# Find Last Item in Group With Index Match

How can you use a formula to find the last item in any category, in a sorted list? Someone asked me that question last week, and I used a combination of INDEX and MATCH to find the solution.

To show how I solved it, I’ve set up a small table, with food products, sorted by category and product code. The product codes have two letters, followed by three numbers. The table is named tblProducts.

NOTE: If the product codes aren’t sorted, this solution won’t work.

### Step 1: Find the Category Start

Cell B2 contains the category name – Cookies – and I want to find the last code for that category.

The first step is to find where the Cookies category starts, in the Category column. The MATCH function can return the position in that column.

I’ll create a formula in cell D2, to get the position number:

=MATCH(B2,tblProducts[Category],0)

The lookup value is in cell B2 (Cookies), and the lookup array is the Category column in tblProducts. The last argument is zero, because I want an exact match for the lookup value.

The result of this formula is 4 – the first Cookies product is Arrowroot, in the table’s 4th row of data.

### Step 2: Find the Number of Rows

If I want to find the last row in the category, I need to know how many rows are in that category. I’ll use the COUNTIF function in cell E2, to calculate the number of rows there are for Cookies:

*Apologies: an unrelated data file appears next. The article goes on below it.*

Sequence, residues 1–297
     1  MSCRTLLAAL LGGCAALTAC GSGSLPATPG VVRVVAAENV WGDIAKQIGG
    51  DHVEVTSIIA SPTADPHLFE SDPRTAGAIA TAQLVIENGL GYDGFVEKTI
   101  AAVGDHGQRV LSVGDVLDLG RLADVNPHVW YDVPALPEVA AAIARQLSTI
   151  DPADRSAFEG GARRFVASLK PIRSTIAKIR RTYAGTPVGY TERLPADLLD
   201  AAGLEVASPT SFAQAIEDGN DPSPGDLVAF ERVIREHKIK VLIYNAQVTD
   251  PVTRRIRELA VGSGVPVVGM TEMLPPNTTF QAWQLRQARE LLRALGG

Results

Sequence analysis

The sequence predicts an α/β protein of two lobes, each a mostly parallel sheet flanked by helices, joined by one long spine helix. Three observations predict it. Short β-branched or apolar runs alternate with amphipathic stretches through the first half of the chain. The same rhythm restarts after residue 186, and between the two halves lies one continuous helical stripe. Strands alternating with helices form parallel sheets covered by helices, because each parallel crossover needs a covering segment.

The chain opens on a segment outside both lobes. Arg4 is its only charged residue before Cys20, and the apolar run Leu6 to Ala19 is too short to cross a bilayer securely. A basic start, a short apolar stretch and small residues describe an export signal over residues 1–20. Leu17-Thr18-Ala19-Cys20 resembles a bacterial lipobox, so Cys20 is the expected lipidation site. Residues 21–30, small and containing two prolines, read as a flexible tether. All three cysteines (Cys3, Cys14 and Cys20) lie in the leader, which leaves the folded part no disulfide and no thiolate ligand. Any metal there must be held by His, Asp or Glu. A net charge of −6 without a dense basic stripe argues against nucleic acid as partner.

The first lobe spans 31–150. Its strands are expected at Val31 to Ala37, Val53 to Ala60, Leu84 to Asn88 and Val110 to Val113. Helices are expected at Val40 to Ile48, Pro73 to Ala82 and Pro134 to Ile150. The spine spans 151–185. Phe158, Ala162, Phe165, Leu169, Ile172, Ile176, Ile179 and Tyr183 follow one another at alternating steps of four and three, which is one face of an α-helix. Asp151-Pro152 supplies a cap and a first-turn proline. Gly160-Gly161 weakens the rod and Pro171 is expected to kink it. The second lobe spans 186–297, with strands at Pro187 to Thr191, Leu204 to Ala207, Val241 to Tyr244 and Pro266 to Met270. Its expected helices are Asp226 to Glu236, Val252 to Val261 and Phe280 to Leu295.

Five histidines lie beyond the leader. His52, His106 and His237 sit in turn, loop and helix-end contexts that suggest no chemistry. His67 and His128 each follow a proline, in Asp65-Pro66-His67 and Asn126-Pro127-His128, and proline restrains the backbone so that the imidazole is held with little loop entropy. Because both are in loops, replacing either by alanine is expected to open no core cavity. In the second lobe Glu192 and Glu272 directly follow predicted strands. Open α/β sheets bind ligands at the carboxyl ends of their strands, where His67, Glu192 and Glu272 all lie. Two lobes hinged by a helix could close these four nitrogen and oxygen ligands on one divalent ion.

=COUNTIF(tblProducts[Category],B2)

The formula counts the number of time that “Cookies” (in cell B2), occurs in the table’s Category column.

The result is 3, the number of rows with Cookies products.

### Step 3: Find the Last Code

The next step is to use the INDEX function to find the last code for Cookies. I’ll enter this formula in cell C2:

=INDEX(tblProducts[ProdCode],D2+E2-1)

To get the row for the index function, we add the values in D2 and E2, then subtract 1. In this example, this last code is in row 6 of the table’s data:

4 + 3 – 1 = 6

The code in the 6th row is CO005, and that’s what the INDEX function returns.

### Step 4: (Optional) Combine the Formulas

Sometimes it helps to have the formulas in separate cells, so it’s easier to understand how the pieces work. In this example, I could leave the MATCH and COUNTIF formulas in cells D2 and E2.

If you don’t want to see the steps, or you don’t have enough room to show the steps separately, you can combine all the formulas, into cell C2:

• In the INDEX formula, replace the reference to D2 with the MATCH formula from D2:

=INDEX(tblProducts[ProdCode],MATCH(B2,tblProducts[Category],0)+E2-1)

• Next, replace the reference to E2 with the COUNTIF formula from E2:

=INDEX(tblProducts[ProdCode],MATCH(B2,tblProducts[Category],0)

+COUNTIF(tblProducts[Category],B2)-1)

• Then, clear cells D1:E2.

To test the formula, type a different category name in cell B2, and its last code will appear in cell C2.

NOTE: I’ve added line breaks in the formula, so it is easier to read.